You Are Increase Happiness By Avoid Emotional Pain?Dave Smith
People enter therapy because, in some way, they are suffering. Whatever the details of their situation, most patients are struggling with at least one major problem: avoidance. When people try to avoid their struggles and pain, they also avoid their own experience, and this creates more problems and unhappiness.
People often do not even realize when they are actively avoiding certain feelings or experiences. Some signs that you might be avoiding are:
You say, “I don’t know” much. If you often can’t say what you feel, then you may be chronically avoiding your emotions. This can keep you “safe” from painful emotions, but often you can also feel emotionally disconnected, numb, or confused. (You may also receive comments from others that you seem hostile or angry even if you don’t consider yourself angry.)
Their conversations frequently roam between topics, especially when those topics involve personal problems or dilemmas. People close to you can express your frustration at not being able to talk about particular difficult topics (or any other). You may experience a feeling of feeling lost in conversations, or even unable to think hard in certain situations.
You have a limited range of emotions. You may notice that while you do not feel many negative emotions, you also do not feel positive emotions. You may (or may not) be aware of limiting your happiness to protect yourself from the pain you expect when that happiness ends.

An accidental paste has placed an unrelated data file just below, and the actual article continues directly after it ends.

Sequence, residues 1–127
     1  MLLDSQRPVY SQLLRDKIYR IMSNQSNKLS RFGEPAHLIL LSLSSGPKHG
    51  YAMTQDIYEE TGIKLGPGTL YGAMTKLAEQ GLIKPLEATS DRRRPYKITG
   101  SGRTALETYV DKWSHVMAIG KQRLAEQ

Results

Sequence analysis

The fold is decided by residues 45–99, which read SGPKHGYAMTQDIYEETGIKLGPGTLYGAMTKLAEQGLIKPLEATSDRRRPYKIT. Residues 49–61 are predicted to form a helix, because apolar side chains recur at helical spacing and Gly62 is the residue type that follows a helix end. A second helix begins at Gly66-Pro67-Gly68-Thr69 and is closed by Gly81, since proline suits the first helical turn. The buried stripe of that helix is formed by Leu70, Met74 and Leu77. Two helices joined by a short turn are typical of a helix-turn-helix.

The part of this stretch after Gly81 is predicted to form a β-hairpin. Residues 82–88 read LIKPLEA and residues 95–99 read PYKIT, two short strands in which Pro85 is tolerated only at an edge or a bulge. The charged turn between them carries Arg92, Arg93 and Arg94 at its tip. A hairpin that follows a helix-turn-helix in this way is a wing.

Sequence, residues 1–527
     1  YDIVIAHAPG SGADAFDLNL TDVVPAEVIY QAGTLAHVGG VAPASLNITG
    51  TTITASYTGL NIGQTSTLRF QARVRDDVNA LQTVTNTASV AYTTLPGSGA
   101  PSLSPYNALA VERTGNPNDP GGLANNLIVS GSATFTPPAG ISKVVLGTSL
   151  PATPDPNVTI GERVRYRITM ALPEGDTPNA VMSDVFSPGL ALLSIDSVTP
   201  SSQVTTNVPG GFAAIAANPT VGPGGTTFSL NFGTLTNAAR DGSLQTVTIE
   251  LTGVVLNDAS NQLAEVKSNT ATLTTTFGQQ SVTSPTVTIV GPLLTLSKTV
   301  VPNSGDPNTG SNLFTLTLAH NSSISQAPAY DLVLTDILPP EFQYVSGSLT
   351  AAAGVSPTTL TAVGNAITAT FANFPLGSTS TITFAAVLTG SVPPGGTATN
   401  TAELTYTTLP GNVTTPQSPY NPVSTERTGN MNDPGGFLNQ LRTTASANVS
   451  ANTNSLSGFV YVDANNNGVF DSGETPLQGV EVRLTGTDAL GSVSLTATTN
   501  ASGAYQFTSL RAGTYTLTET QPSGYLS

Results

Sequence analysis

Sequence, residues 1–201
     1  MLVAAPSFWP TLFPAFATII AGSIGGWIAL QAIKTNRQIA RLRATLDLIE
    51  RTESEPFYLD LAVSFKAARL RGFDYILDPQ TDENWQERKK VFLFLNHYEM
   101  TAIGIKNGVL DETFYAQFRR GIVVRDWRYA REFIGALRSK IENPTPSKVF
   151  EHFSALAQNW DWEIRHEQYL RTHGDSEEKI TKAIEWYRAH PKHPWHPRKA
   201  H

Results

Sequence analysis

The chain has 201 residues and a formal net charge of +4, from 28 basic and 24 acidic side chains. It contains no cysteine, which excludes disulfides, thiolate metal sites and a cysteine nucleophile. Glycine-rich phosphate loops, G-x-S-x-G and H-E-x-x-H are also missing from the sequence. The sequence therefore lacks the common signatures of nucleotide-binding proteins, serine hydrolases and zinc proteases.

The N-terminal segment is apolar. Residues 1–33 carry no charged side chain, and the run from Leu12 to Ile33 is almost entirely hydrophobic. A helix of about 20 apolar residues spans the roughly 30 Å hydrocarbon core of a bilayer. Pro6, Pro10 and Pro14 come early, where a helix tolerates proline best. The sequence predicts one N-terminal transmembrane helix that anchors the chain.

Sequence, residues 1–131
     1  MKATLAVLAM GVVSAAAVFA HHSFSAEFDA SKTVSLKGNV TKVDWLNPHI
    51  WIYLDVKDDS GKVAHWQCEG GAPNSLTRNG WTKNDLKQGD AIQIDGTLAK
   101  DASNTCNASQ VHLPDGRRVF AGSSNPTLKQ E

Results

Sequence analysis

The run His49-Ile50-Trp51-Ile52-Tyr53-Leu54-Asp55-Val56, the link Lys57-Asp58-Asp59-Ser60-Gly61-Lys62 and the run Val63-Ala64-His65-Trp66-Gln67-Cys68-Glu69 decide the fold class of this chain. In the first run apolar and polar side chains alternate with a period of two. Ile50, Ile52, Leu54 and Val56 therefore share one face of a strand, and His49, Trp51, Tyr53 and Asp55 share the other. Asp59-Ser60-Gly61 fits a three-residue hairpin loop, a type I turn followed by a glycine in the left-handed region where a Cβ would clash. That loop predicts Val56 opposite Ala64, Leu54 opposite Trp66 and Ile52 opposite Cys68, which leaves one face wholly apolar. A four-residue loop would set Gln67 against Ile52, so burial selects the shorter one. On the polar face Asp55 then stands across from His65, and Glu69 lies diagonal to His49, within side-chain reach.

You are chronically bored. Many people try to avoid possible pain by limiting their interests and activities. This extinguishes your vital energy. As a result, they are not involved or interested in anything. If your efforts to avoid pain cause you more involuntary suffering, it may be time to begin accepting your anguish.
You can find help in a type of therapy called “acceptance and commitment therapy” (ACT), which focuses on helping people accept their experiences. For example, you could accept that your partner has ended your relationship even though it bothers you desperately. Then, instead of continuing to harass your ex, you allow yourself to sadden the relationship and find a new partner.
To feel inner peace and happiness, you must make peace with your personal experiences. While everyone, on occasion, feels the need to temporarily distract from a distressing issue or repress a particularly painful emotion, if you continually use avoidance as a basic way of facing life’s difficulties, you will inevitably experience other problems.
Tags: Self-improvement, avoidance, avoiding, emotional pain, emotional wellness, relationships